Divorce is a difficult time for spouses, but it can be an especially troubling time if there are children involved. Telling your kids about the divorce might be one of the most trying experiences you ever face and, while you likely disagree with your soon-to-be ex-spouse on several things, you both want what is best for your child and should try to come together on how to approach this very delicate matter. Remember, this is a conversation your children will likely never forget, so make sure you conduct it in a way that does not leave a painful memory.
- Be United: This is a task for both parents, so this is not the time to sit out a conversation because of your differences. Have a conversation with your children together and explain the situation. You do not need to go into great detail and, in fact, you should not. This is not about placing blame for the divorce on anyone, but rather a chance to tell your kids that things are about to change. If your children see the anger and bitterness between the two of you, it can harm the level of confidence they might feel in what you are saying. They will not believe that you are working together as a team.
- Address the Whole Family: Parents sometimes speak to each child separately, but most experts agree that it is best to talk to all of your children at once. An exception would be for bigger age differences, or if you are concerned that a younger child might be more upset and less able to cope than an older child.
- Have a Plan Ready: Never go into this conversation blind. Preparing what you will say, and going over key points when your spouse will help present a united front with a clear message. For example, you want to make sure your kids understand the divorce was not their fault and that, despite the changes, you both still love them and nothing will ever change that. Explain that you are simply having problems that cannot be fixed. You might not be husband and wife anymore, but you will always be their parents.
- Expect a Variety of Reactions: Depending on their age, kids can react in a variety of ways. This news might elicit tears and yelling, but it could produce more egocentric concerns, which is also natural. Children are often worried about the immediate impact this might have on their lives. For example, they might wonder if they have to switch schools or if they can still visit their friends. Since no one knows your children better than you do, it is up to you to discern what might be a normal reaction. Read their cues to determine if they need space, or simply a reassuring hug.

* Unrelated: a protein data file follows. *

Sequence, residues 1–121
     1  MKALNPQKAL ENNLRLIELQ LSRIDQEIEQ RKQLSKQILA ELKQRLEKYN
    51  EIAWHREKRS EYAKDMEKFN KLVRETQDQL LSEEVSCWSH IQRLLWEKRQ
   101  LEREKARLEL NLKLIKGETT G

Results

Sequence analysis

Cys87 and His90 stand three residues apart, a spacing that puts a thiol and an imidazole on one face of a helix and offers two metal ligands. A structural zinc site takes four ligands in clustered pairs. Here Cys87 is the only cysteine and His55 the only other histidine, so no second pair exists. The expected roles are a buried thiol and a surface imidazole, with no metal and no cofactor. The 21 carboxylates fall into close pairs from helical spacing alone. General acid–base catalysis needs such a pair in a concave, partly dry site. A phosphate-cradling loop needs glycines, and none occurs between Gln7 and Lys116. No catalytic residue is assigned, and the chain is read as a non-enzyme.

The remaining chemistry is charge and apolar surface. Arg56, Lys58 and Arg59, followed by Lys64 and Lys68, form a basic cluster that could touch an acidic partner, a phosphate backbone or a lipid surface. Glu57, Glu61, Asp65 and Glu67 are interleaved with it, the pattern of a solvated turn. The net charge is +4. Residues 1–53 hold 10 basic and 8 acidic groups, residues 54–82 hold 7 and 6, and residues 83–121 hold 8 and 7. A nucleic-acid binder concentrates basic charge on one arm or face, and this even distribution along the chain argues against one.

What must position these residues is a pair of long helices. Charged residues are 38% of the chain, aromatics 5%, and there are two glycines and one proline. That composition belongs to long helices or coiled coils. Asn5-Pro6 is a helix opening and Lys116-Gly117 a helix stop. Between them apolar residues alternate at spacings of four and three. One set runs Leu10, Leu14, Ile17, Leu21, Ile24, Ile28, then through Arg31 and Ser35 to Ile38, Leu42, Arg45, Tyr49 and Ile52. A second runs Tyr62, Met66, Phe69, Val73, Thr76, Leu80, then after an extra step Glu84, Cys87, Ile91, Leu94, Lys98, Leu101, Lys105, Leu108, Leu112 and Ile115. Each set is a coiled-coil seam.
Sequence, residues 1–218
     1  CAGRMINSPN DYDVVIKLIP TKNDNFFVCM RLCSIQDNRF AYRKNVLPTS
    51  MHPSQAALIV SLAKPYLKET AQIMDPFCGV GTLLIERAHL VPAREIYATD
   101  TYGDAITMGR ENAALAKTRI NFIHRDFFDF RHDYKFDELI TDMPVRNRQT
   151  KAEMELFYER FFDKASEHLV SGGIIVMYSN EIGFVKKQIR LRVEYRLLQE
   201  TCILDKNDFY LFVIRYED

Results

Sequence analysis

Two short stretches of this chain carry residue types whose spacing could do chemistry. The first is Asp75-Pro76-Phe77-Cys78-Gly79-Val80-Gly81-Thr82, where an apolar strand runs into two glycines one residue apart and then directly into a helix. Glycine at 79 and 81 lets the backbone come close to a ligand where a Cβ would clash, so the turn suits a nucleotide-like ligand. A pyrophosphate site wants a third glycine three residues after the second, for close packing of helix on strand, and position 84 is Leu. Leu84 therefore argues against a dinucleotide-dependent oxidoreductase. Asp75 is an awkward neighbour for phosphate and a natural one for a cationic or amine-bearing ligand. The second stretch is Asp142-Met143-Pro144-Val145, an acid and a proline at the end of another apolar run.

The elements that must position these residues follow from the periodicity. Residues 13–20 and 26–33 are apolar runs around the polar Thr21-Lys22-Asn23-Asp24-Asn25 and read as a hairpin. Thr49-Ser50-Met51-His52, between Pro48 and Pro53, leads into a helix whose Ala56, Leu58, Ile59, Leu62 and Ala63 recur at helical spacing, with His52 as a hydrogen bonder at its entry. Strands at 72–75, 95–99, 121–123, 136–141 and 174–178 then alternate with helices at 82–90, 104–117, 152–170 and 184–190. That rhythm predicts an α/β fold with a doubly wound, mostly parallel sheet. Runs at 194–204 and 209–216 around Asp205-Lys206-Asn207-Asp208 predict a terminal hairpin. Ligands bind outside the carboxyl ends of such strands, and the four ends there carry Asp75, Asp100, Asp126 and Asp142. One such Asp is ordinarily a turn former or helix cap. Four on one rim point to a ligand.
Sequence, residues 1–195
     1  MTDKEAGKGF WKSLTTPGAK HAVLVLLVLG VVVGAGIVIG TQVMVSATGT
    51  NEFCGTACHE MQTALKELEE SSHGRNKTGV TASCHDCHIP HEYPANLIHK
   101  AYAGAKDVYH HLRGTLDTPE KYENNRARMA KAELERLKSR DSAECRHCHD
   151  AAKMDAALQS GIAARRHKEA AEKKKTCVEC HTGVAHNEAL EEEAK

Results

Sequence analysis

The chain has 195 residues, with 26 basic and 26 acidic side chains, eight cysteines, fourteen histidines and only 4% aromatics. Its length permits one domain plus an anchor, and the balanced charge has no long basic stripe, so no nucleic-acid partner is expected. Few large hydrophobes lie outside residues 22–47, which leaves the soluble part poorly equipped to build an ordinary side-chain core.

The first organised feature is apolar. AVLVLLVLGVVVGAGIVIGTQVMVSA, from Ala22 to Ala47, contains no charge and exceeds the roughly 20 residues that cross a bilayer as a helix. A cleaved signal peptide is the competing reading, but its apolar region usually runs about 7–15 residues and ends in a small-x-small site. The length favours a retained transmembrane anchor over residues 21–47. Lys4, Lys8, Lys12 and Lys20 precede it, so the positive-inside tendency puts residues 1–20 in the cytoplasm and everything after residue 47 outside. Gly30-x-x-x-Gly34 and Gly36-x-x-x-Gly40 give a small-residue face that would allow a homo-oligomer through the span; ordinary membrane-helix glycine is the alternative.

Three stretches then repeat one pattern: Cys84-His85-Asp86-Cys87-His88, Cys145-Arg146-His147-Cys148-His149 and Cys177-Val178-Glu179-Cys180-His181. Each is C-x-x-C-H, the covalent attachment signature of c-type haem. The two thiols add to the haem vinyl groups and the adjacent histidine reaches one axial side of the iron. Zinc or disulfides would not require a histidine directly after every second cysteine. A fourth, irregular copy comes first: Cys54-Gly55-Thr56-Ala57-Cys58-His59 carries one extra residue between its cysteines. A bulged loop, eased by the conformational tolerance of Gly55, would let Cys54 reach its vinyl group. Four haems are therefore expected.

- Be Open to Questions: Make sure you schedule this discussion at a time that leaves ample opportunity for your children to ask questions. Given the gravity of this news, they will likely have many concerns, so speaking to them before you have to go to work, or prior to dropping off at school, robs them of that chance. You should also expect this to be the first of many discussions you will have with them as they take the time to process everything that was said. Be ready for these follow-up questions and always be available to address their concerns. If you think divorce is hard, imagine what it is like for them.
San Diego Divorce Lawyers
Whether you have already been served divorce papers, are considering the idea of filing for divorce, or are already in the midst of navigating through the process, the San Diego divorce attorneys at Cage & Miles, LLP are here to help guide you through your steps. We understand that divorce is a contentious time and that even the most amicable situations can turn sour. Our skilled legal team is devoted to representing the interests of our clients in a way that limits court involvement and minimizes litigation exposure. The right attorney at your side can make all the difference in family-related legal matters, so you should not trust your divorce case to just anyone.
We can represent a wide range of divorce matters, including contested and uncontested divorce, high net worth divorce, child custody and support, spousal support, mediation, property division, and military divorces.
Call us today at (858) 943-2060 and request a confidential consultation to discuss your case.